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So after I photographed the Korean War Memorial for a bit, I walked over to the Reflecting Pool to check things out. Since we had snow the day before, I was really hoping for a little bit of fog. Lately, I’ve been loving the reflecting pool for this exact reason. I love the way the fog gets trapped around the trees of the pool so I wanted to make sure I was at the right place at the right time. Well, it didn’t happen.

But this happened! I love how simple this image is. I shot it with my 70-200mm at 200mm standing on the top of the steps that lead to the reflecting pool. I’m not sure if it’s easy to tell the location if you’re not familiar with the Washington DC area and that’s the reason why I like it so much. It looks like it could be almost anywhere. The reflection of the Washington Monument perfectly cuts the image in half and the two people standing there is absolutely perfect. I also love how compressed the image is and you can’t even see the stairs. It’s as if we’re on two totally different platforms and you have to leap down to get close to the water.

LOL I love how these past few posts turned into a chronological description of what I did in the span of 2 days. Not intentional but it will be very interesting to look back on.

PS speaking of looking back, 2018 is almost over! If you haven’t already, check out the 2019 Dynamic DC calendar. I LOVE the way it turned out this year. I don’t have many left so get them while they last. And can we talk about how much I love February’s image OMG <3

My camera settings for this image is F6.3 at 1/1250th sec ISO 500 with my Sony A7II and 70-200mm ultra zoom lens.

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It looked like nothing even happened the day after it snowed last week. It was like back to fall all over again, which I don’t mind in the least. I went out to photograph the sunrise because I thought with the weird weather it would bring something dramatic, it didn’t, but it was the fall leaves that caught my attention. They were particularly colorful by the Korean War memorial so I decided I would spend some time photographing a memorial I don’t usually photograph.

It’s funny because I always had this idea in my head about the Korean War Memorial. I thought it was a difficult memorial to photograph because where it is on the National Mall (it’s not in a very well lit corner) or how the figures are placed. I don’t know, I never really got a composition I was really happy with… until this time.

Maybe it was the colorful leaves behind the figures or I was feeling particularly inspired, but I had a really good time photographing the memorial. To be honest, I still think that photographing this is the best during snow or fog. It just reduces things everything down. It even makes the shrubs in between the soldiers a little less visible which I think makes it a little better in a photograph. Oh well, since it’s going to be a particularly snowy this winter, I guess I’ll have more time to put this into practice.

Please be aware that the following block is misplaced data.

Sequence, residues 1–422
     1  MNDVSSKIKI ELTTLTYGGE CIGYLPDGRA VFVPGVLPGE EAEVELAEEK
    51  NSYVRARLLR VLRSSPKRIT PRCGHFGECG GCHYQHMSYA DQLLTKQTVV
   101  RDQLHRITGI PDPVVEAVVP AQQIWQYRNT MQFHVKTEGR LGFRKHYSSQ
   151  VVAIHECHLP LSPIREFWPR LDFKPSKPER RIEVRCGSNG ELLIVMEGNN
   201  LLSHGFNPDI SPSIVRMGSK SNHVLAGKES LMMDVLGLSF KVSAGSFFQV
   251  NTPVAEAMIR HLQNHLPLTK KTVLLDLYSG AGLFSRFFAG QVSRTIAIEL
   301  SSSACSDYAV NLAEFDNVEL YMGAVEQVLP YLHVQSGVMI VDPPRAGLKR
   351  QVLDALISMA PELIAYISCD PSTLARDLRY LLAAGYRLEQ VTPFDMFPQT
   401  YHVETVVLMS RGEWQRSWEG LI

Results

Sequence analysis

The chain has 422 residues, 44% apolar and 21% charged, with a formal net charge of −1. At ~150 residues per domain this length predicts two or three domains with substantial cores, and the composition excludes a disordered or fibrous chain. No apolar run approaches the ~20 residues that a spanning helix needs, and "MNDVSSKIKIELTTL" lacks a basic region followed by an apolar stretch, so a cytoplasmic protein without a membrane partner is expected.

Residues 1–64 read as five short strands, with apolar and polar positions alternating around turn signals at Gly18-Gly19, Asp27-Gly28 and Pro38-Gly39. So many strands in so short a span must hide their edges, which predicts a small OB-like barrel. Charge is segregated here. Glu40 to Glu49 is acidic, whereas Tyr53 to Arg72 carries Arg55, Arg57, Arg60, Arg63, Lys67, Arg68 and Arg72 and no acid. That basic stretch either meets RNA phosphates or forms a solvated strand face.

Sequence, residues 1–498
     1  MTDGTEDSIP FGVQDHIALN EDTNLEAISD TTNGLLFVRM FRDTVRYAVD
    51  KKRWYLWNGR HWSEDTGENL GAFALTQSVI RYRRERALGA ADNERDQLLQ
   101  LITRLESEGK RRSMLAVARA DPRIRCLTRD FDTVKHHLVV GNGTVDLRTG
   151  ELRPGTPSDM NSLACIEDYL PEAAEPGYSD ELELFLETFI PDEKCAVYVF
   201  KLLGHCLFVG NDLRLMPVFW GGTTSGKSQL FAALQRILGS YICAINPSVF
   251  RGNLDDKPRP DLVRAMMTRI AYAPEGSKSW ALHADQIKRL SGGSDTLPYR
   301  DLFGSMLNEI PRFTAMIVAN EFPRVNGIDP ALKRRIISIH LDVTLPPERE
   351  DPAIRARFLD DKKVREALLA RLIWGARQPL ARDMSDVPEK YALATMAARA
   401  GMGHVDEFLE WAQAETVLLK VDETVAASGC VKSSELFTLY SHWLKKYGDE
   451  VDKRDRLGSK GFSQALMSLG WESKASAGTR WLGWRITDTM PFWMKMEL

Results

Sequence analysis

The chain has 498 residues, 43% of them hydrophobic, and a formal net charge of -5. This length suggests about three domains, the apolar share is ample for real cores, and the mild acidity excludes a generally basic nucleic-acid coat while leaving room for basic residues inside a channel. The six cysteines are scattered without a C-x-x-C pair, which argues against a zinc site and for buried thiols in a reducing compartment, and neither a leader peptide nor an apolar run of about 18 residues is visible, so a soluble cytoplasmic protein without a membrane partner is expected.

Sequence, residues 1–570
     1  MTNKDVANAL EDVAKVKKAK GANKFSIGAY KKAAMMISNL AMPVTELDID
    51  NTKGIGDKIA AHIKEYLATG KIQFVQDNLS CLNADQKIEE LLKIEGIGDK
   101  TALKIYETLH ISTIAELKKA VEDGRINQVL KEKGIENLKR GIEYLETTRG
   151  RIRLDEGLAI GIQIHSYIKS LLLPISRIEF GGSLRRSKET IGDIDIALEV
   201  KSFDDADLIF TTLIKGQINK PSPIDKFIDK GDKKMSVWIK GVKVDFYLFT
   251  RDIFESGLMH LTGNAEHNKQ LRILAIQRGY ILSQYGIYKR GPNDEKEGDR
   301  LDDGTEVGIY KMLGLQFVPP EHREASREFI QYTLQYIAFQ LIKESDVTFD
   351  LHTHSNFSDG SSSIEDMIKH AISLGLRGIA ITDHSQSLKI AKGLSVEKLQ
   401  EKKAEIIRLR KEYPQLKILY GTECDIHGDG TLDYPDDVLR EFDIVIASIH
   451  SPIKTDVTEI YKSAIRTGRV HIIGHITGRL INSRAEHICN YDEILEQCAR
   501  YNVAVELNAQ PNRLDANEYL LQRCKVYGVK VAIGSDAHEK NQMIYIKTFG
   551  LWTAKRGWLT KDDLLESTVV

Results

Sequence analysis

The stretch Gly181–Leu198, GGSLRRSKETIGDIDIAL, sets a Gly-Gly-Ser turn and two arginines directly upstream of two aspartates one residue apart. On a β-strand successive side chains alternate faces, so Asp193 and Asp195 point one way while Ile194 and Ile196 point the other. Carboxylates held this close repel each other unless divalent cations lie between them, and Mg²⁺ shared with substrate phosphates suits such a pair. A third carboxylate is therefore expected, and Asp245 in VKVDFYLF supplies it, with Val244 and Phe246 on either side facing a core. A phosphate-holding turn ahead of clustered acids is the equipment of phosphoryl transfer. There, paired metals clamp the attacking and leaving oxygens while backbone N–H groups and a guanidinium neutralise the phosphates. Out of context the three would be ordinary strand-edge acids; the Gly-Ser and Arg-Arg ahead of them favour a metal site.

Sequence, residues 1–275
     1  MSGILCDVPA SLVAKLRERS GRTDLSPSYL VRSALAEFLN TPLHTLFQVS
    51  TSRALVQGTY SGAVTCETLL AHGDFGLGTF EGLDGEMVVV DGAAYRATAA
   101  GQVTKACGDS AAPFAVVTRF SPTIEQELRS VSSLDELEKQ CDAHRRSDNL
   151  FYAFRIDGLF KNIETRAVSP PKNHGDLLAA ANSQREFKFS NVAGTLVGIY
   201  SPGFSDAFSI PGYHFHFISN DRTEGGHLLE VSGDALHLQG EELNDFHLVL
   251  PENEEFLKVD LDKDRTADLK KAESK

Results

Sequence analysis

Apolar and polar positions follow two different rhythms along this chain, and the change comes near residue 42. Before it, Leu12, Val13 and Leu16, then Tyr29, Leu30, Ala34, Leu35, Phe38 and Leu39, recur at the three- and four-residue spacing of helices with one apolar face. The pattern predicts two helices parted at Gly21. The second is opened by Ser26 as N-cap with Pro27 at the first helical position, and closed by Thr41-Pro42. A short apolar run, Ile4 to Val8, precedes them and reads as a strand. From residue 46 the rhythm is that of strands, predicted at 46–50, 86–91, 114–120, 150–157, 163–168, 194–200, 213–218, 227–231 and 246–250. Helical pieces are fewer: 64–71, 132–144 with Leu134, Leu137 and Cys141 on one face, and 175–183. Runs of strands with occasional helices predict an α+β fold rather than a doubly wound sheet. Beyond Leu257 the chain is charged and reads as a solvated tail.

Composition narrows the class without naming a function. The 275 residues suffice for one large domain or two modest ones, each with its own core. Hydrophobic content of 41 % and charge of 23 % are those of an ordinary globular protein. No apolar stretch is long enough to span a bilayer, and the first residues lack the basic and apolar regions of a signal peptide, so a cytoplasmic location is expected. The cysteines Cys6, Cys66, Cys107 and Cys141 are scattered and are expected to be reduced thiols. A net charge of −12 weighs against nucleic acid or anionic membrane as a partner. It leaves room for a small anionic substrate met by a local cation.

That orange glow though! My camera settings for this image is F6.3 at 1/50th sec and ISO 500.

Also, let me know if you like these multiple image posts 🙂 It takes me a little bit longer but I feel like it tells more of a story of what it was like being at the location.

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Is it me or did Thanksgiving creep up on you too? I can’t believe it’s next week! In the past I would have already known what dishes I’m making but this year I have no clue. I have not looked at pinterest once! I need to get on that this weekend.

But in the meantime I have been going through some of the images I’ve taken recently of the fall colors. It was like I spent a week straight photographing different places around the Washington DC area to capture the color but didn’t have time to go through ALL the images. But this trip to Shenandoah National Park was definietly a highlight.

Shenandoah National Park isn’t exactly in the Washington area but it’s a great place to escape to when you need a little time with nature. On this trip I went with my friend, Larry and we were both pleasantly surprised by the sunrise color. In the past, we haven’t had much luck with color in the park. Mostly a lot of cloudy, foggy days.  So as soon as I saw that color come out, I was super excited to switch to my 16-35mm wide angle to try to capture as much of the sky as I could. I don’t know if you’ve noticed or not but lately, I’ve been really liking to have a blurry foreground element and have something in the mid-ground in focus. That is exactly what I was trying to do here with the huge rocks that I was standing on in order to capture this image. What do you think?

My camera settings for this image is F4.5 at 1/40th sec at ISO 1250 with my 16-35mm and Larry let me borrow his Sony A7III for the day.

And if you have any Thanksgiving recipe suggestions let me know! Something on the easy side 🙂